Confession: for years I have pretended to be something I’m not – and it’s changed my life for the better. I am a naturally shy introvert who loves to be alone, yet I often act as if the opposite is true. In a situation in which my social anxiety could be paralyzing, I put on my “game face” and act like I’m someone who loves what is going on around me.
I’ve been practicing this for so long that I have grown out of the original label I imposed upon myself. And that is great because labels are limiting at best, destructive at worst.
After a while, it became immensely satisfying for me to shed my “shy” label. While I still think of myself this way; sometimes the opposite can be true.
Now, I’m open to the possibility that an event, or people, or a situation might not fit my preconceived expectations and I’m so much happier for it. This may not be news to most people, but somehow it took me almost 40 years to realize.
When I was in high school, I was so closed off. I had this friend – we’ll call her Maria – who was the opposite. She was excited about and open to new opportunities, and often tried to drag me along with her. Even now I see photos of her on social media feeding tigers, lounging on tropical islands, deep sea fishing – basically still being open to new opportunities. She has been good at saying yes to things whereas I often let negative thoughts (what if I don’t like it/it’s not fun/I can’t do it) stop me.
One of the regrets of my life is not going to a U2 concert in 1993 with Maria. I didn’t want to take off work and spend the money on a ticket so I missed a bucket list band. What a bummer, right? Similarly, I didn’t go on a college trip to Malaysia because I needed to use the trip money to buy a car – which ended up being the worst lemon ever (thanks, karma!)
In an ironic twist, the top two goals on my list of “things to do to have a better life” are to go to more concerts and to travel places I’ve never been. I wasted so much valuable time saying no.
The real reason I didn’t go to the concert or on the trip was because I was afraid. The money thing was just an excuse to hide behind. Maria always saw through that. Man, I must have been frustrating for her.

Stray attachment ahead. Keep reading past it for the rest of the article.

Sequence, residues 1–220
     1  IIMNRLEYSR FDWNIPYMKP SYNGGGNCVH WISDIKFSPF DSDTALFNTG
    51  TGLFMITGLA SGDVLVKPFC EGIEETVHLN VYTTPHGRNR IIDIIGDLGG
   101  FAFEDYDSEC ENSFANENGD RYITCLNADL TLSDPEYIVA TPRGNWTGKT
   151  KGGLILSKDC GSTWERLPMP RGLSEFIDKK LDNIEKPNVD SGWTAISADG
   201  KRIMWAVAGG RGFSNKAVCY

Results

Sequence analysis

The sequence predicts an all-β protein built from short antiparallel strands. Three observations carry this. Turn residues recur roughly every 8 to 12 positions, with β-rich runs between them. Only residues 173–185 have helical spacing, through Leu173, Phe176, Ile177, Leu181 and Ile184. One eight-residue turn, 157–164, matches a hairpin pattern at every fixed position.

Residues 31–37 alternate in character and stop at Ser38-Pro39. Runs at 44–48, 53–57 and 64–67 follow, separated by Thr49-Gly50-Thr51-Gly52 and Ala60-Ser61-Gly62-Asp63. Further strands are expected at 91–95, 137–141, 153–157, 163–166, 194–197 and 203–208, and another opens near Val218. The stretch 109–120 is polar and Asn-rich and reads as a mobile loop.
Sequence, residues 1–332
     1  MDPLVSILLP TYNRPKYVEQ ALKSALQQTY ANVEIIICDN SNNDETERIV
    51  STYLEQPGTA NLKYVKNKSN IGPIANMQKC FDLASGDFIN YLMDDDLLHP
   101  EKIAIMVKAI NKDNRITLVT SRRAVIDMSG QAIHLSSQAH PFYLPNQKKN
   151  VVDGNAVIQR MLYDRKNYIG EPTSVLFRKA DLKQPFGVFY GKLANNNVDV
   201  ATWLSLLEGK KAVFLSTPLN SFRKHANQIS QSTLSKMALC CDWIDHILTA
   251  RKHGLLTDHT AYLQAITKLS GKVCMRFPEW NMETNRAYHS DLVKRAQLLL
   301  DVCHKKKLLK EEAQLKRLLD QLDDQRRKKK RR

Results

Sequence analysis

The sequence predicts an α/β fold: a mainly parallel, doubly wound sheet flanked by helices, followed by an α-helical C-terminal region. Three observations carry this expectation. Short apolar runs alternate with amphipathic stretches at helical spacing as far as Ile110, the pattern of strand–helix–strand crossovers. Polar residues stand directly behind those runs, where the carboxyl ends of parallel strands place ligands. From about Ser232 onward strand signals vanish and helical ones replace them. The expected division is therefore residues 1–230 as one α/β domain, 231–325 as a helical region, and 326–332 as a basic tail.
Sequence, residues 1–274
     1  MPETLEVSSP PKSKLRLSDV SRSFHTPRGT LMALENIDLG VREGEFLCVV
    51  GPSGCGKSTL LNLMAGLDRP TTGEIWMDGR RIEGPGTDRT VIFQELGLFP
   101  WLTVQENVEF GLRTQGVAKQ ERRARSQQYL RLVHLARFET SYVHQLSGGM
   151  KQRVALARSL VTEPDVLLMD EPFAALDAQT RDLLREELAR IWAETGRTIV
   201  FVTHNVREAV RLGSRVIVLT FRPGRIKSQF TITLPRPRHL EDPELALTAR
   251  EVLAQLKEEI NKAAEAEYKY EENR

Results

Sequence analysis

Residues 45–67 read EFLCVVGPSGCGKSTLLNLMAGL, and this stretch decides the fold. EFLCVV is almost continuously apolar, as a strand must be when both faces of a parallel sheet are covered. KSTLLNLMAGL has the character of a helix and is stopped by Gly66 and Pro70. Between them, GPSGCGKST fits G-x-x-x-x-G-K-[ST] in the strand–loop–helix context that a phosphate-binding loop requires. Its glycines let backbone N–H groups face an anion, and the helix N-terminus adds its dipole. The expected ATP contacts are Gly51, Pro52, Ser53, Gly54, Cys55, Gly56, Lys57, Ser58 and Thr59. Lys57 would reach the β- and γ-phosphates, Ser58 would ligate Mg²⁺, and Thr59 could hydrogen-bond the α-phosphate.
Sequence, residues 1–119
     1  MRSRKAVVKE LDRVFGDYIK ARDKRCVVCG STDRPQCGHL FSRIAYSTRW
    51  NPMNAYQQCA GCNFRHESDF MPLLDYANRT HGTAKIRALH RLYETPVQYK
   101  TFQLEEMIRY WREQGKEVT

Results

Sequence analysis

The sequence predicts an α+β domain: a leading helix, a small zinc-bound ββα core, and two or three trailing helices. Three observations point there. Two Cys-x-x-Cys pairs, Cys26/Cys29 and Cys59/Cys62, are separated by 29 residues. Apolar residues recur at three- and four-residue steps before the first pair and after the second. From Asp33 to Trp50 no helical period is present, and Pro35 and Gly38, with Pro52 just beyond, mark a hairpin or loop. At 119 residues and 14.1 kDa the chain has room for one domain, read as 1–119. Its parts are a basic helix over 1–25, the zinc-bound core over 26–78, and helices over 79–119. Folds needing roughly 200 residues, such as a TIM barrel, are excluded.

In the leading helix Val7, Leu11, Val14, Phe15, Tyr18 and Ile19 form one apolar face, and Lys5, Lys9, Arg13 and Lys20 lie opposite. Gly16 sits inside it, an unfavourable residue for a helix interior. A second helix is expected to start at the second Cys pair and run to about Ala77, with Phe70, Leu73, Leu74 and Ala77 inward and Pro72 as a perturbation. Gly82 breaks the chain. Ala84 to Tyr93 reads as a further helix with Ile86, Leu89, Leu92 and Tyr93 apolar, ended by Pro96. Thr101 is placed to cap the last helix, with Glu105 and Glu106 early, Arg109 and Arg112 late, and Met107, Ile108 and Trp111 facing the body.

Just yesterday, I thought of her again when Pandora led me down a country music rabbit hole that started with Margo Price, who I’d heard on NPR the night before. I spent the afternoon listening to the Pistol Annies, Buffalo Clover, Sturgill Simpson, Kacey Musgraves. And I loved it. I was incredulous that I hadn’t opened my mind to this sooner, as I’d always labeled myself as someone that doesn’t like country music – but why? I don’t know any more. Label thrown away. Maria gave me a Green Day CD in high school and I was all “thanks, but I don’t really listen to this type of music.” She told me to shut up and listen to it anyway, and of course Dookie became a heavily-played favorite for years.
Opening myself up to new things – specifically saying “yes” to things that I would not normally has altered me in the best way. If I have to pretend to be brave to get myself there, that’s fine by me. In recent years I’ve done things I never would have thought – like writing this blog post, getting involved in a flash mob, submitting my writing to contests and agents, and taking a yoga class at the very intimidating Cross Fit gym in which I am the only jellyfish*, and I treasure these experiences.
I am not suggesting that anyone reading this should try to “think” their way out of anxiety or depression, or pretend to be someone they are not. I’m just letting you know what worked for me to expand my horizons. I went from being a shy person with a relatively mild form of social anxiety to being a shy person with a relatively mild form of social anxiety that participates anyway and finds immense happiness in doing so.
If you are feeling depressed or experiencing anxiety symptoms that are getting in the way of your life, please reach out to someone you trust or call a depression hotline for help and resources. I like the National Hopeline Network: 800-784-2433.
*jellyfish = person with no muscles